15 August 2003, Volume 6, Number 35
NOTE TO READERS:
"RFE/RL Iraq Report" will next appear on 29 August 2003.
INSIDE IRAQKDP HEAD SAYS MOST IRAQIS TRUST GOVERNING COUNCIL. Mas'ud Barzani, the head of the Kurdistan Democratic Party (KDP), told Al-Jazeera in an interview broadcast on 4 August that the Iraqi Governing Council "enjoys the trust of the overwhelming majority of the Iraqi people," adding, "I do not think it is possible to find a better formula than that of the transitional Governing Council." Asked whether the council will address the security situation in Iraq, Barzani said: "The issue of...maintaining security is still undecided. Consultations and discussions on this issue are taking place" with the Coalition Provisional Authority (CPA). The coalition forces are currently responsible for maintaining security in Iraq under UN Security Council Resolution 1483. Barzani also told Al-Jazeera that the council does not feel that the CPA has placed limitations on its functions, because the council and the CPA regularly consult on issues. Barzani added that council members are dictated by the larger public interest, rather than their own personal or sectarian backgrounds. Asked whether the council's membership might be expanded, Barzani said the possibility exists, "but at present I do not see a better formula" than the one currently in place. (Kathleen Ridolfo)
GOVERNING COUNCIL NAMES CONSTITUTIONAL COMMITTEE. The Governing Council named a committee on 11 August to guide the process of drafting an Iraqi constitution, Reuters reported the same day. "A committee of 25 members was formed to define [the] best ways to work out a draft constitution to be approved later on," Ibrahim al-Ja'fari, chairman of the council's leadership committee, told a Baghdad press conference. He told reporters that the constitutional committee comprises university professors and legal experts. The committee will not draft the actual constitution but "will be concerned with discussing [the] best mechanism that will lead to an Iraqi constitution chosen and respected by Iraqis," al-Ja'fari added. He also said he expects a constitution to be drafted within a year. (Kathleen Ridolfo)
EIGHT IRAQI JUSTICES REINSTATED. The U.S.-led administration on 11 August reappointed eight Iraqi Supreme Court justices fired by Saddam Hussein 10 years ago, according to a press release posted on the CPA's website (http://www.cpa-iraq.org). Hussein removed them from their positions after they failed to uphold the death-penalty ruling of a lower Iraqi court in a case involving a man accused of murdering an associate of Qusay Hussein. According to the press release, "Nine justices at the time found that the killing lacked the element of premeditation required for the death penalty and voted to instruct the lower court to investigate the matter."
The eight justices had petitioned the Iraqi Justice Ministry's Judicial Review Committee for reinstatement at the end of July. The committee, chaired by two Iraqi and two coalition representatives, issued an order of reinstatement after reviewing the petitions. According to the order, "The facts overwhelmingly support the conclusion that these judges were improperly removed from office." Medhat Mahmud, officer in charge of the Justice Ministry, said that the reinstated justices deserved to be honored, adding, "Their removal was wrongful and a severe interference with the independence of the judiciary." One reinstated justice said: "I lost my position, my career, and my retirement rights. But at least I could sleep at night. I had my conscience and I never regretted my decision." The CPA reported that the reinstated justices will have access to their retirement benefits and may even receive some back pay.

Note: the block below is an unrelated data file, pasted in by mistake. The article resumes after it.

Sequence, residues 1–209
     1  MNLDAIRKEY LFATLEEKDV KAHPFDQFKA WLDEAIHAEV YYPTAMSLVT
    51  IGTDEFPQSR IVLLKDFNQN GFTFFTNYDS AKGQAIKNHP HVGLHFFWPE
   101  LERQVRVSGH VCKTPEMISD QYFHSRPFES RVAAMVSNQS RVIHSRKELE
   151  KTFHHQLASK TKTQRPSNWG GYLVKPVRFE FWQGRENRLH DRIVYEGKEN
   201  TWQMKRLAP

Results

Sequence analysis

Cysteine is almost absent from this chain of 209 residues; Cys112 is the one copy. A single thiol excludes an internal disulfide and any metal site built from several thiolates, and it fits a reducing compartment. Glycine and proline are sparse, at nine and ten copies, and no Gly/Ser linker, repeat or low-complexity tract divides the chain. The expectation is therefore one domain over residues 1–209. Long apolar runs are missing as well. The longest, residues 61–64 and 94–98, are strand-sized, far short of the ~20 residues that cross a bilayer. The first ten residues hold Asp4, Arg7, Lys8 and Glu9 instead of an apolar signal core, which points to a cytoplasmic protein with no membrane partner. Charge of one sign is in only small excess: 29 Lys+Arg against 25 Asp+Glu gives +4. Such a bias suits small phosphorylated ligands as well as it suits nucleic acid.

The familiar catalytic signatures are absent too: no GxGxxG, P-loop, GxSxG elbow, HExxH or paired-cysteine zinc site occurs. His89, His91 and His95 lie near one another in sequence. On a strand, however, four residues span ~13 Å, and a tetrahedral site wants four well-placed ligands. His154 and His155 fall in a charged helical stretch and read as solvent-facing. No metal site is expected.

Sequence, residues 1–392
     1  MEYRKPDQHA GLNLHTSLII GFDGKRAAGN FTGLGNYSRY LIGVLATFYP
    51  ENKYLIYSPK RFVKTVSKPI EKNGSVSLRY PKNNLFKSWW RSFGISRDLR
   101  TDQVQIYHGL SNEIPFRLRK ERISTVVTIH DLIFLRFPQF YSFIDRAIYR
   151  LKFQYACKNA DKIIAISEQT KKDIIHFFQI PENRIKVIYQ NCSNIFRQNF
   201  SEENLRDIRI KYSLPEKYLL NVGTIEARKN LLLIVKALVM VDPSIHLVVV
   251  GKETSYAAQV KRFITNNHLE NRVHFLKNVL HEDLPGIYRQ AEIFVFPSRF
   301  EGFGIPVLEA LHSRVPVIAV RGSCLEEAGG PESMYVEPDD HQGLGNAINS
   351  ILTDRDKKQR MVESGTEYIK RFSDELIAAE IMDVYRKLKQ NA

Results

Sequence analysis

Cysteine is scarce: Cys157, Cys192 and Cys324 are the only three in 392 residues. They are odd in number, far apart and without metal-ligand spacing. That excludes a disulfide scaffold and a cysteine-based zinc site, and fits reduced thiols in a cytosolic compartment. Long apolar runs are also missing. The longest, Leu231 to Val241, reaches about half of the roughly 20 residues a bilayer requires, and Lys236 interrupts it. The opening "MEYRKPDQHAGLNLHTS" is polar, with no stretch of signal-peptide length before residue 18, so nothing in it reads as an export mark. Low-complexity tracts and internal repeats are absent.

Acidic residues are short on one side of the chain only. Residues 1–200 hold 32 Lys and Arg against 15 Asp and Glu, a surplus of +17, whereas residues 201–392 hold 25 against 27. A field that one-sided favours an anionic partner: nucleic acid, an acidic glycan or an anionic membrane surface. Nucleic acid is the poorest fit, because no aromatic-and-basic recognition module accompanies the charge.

The Judicial Review Committee was established by the CPA, as stated on its website, to "vet every judge and prosecutor for Ba'athist links, corruption, complicity in human rights abuses, other malfeasance," and to investigate claims by those who felt they were wrongly discharged from their positions during the Saddam Hussein era. (Kathleen Ridolfo).
MEMBER OF GOVERNING COUNCIL CALLS DISSOLUTION OF ARMED FORCES A 'BAD MISTAKE.' Iraqi Governing Council member Hamid Majid Musa told "Der Spiegel" in an interview published on 11 August that attacks against coalition forces -- and the 7 August attack on the Jordanian Embassy in Baghdad -- have occurred as a result of the "consequences of bad mistakes by the Americans." Specifically, Musa claimed that the decision of U.S. administrator L. Paul Bremer to dissolve the Iraqi armed forces was "foolish," adding, "As there were more than 1 million members of the army and security services, and an average Iraqi household consists of five people, Bremer deprives over 5 million Iraqis of their living with a single stroke of the pen." According to Musa, some of those disenfranchised Iraqis are attacking coalition forces. (Kathleen Ridolfo)
KURDISH PESHMERGA ARREST ANSAR AL-ISLAM MILITANTS IN NORTHERN IRAQ. Kurdish peshmerga forces patrolling northern Iraq on 12 August arrested 50 individuals, including some suspected members of the militant group Ansar Al-Islam, the Middle East News Agency (MENA) reported the same day. The group reportedly traveled to Iraq from Afghanistan via Iran. The number of suspected Ansar Al-Islam members in the group arrested was not released. U.S. officials have attributed some attacks on coalition forces to remnants of Ansar Al-Islam in recent weeks (see "RFE/RL Iraq Report," 17 July 2003).